DNA is Nottingham New Theatre’s latest collaboration with Lakeside Arts, combining all the talent of the student actors with the creative flare of the highly experienced director Giles Croft and his innovative assistant Amy Crighton. The play follows ten teens wound up in the manslaughter of their friend Adam. Fear and morality are at constant war with each other, seen in the journey of the characters and fueled by the twists and turns of the plot.
You may have seen the brooding posters around campus, adorning a dark forest and the bold title “DNA” giving a near sci-fi feel to first impressions. Perhaps you studied the play, written by Dennis Kelly, at GCSE? The audience full of 16-year-olds and eager teachers certainly have done, entering the play with expectations and ideas which were to be met or challenged. I for one had never heard of the play before and entered the lovely theatre at Lakeside Arts feeling much less erudite than my fellow audience members.
“The cast even rehearsed outdoors in a wood to truly form an interactive element with their set.”
A production in this space allowed for the directors and artistic team to stretch out of the confines of the student theatre space and embrace the larger stage and more elaborate lighting. The cast even rehearsed outdoors in a wood to truly form an interactive element with their set. One enters to a stage covered in stalagmite and stalactite-esque looking tree trunks on top of a perfect circle of bark. For those interested in the making of theatre, I later discovered the trees were spray painted carpet rolls, and the bark was painted tire shreddings (it’s amazing what a bit of brown spray paint and smoky lighting can do). The backdrop is black, with abstract strands of DNA subtly worked onto the darkness. With each scene change comes a wave of DNA-looking lighting (despite the technical errors for this performance, the effect was still impactful). Where only two characters are involved, they sit on the edges of the stage, with the misty backdrop adding a sulky air to the words being said.
“In embodying the many ways different people act in the face of grief and fear, DNA is a play about humans, how far humans can and will go.”
We are first met by Jan and Max, our somewhat unconventional narrators as they panic over the newest developments in the plot, staring out into the audience and leaving many gaps in their speech adding to the inherent ambiguity and distress of the play. This was no sci-fi. Instead the tale is one of death and a struggle to hide wrongdoings in elaborate plots and schemes. With clashing personalities and near psychopathic actions, the characters are drowned by their secrets. When they send an innocent man to prison, the web of lies becomes more and more tangled, ironically causing most characters to become better; they help people, they work for charities. The perfect ring of bark is disrupted by footfall, leaving trails of the ten friends in a web of destruction and a twisted unity in the face of separation.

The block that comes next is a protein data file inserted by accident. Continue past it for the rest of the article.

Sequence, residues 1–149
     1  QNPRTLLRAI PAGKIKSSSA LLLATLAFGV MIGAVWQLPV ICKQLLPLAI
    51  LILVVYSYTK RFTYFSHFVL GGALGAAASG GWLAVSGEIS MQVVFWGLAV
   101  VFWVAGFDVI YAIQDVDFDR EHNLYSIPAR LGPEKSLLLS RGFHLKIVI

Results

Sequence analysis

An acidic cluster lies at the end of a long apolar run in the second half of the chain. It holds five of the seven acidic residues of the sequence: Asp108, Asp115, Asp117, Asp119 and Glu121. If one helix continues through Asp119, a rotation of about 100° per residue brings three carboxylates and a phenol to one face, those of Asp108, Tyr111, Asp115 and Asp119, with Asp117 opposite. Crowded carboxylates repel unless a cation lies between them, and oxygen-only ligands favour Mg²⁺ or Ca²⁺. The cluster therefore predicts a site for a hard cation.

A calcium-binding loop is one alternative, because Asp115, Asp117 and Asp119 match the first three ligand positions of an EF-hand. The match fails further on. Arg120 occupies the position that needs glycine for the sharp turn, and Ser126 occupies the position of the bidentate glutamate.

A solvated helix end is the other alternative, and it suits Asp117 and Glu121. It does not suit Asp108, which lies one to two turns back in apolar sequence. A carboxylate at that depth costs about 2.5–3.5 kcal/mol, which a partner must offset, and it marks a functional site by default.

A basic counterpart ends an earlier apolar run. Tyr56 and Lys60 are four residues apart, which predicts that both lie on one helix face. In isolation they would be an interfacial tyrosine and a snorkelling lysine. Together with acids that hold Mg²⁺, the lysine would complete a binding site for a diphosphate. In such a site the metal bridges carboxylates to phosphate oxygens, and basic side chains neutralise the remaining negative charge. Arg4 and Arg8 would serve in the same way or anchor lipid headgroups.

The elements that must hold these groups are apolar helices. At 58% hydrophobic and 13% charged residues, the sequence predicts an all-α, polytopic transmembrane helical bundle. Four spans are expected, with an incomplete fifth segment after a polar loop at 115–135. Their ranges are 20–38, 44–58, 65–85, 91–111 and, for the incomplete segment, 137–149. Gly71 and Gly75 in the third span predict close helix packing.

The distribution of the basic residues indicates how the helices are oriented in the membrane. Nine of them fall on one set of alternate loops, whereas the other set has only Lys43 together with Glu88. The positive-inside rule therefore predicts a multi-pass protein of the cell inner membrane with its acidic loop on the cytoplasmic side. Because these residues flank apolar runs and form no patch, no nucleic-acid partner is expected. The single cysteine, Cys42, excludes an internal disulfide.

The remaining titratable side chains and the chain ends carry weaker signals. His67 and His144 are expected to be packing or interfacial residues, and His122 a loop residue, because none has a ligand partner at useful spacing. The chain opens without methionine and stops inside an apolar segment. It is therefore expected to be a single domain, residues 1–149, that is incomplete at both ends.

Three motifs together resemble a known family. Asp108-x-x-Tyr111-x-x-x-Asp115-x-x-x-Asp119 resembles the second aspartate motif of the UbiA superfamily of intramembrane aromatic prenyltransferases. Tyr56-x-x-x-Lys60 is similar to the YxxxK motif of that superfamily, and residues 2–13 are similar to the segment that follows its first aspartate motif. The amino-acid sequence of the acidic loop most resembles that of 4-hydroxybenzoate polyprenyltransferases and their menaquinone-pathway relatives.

Whilst the acting was perhaps a little overdone and overworked at times, the actors were successful in portraying the moral ambiguities of the production. In embodying the many ways different people act in the face of grief and fear, DNA is a play about humans, how far humans can and will go. You have the psychotic violence of Cathy- eerie in its lack of visual accompaniment, only heard of by audiences through other characters. You have the chilling silence of Phil, who frustrates the passionate talkative Leah yet learns his deep need for her company. Brian turns to tears and lets his fear consume him, whilst our jittery “narrators” proceed to continue upon a life of petty crime.
In one of Leah’s monologues (to an unresponsive Phil), she discusses the relation between bonobos and humans in a somewhat confusing yet relevant exploration of what truly makes mankind different from animals, and what makes us so very like animals. DNA runs not only in lighting, it is a crucial element to their schemes, and is something that both links all of mankind and equally separates us into unique beings, just as the play aims to explore such ideas. When new developments in the plot are discovered, each character is dragged lower and lower into their chaos of destruction until they are left changed forever by the play’s events.
“Indeed, the silence of the play is perhaps more impactful than the words spoken.”
The play definitely made the audiences think deeply about issues and even had the woman next to me in tears at the harrowing themes. It is a psychological endeavour, one of brutality and naivety and humanity all assisted by the dark set and subtle musical elements. Even the costumes, a mass of skinny jeans and weathered jackets, helped to assert the normality of these characters in the mass of abnormality.
I had the pleasure of watching the Q & A session afterwards which offered a lot of insight into the thought that went into the performance. I would like to include what director Giles Croft said about Phil, and it is something to consider when watching; “Phil is the director of the play”, “it is not about his speech, it is about his actions”. Indeed, the silence of the play is perhaps more impactful than the words spoken.
This production is an interesting psychological experience and contained a good balance of humour and intensity. It is definitely a piece to be proud of for the effort and attention to detail. I thoroughly enjoyed my evening and wish to congratulate all involved, it must be especially nerve wracking when having to face a crowd of teachers who have taught the play for years.
Featured image and article image courtesy of Mark James.
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